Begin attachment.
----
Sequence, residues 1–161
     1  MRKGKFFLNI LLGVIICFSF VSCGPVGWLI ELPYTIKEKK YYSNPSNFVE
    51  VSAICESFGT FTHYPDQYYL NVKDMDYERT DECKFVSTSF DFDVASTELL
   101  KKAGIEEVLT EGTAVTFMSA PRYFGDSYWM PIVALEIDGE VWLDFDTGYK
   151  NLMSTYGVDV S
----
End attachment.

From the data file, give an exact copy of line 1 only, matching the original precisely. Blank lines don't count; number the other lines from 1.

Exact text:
Sequence, residues 1–161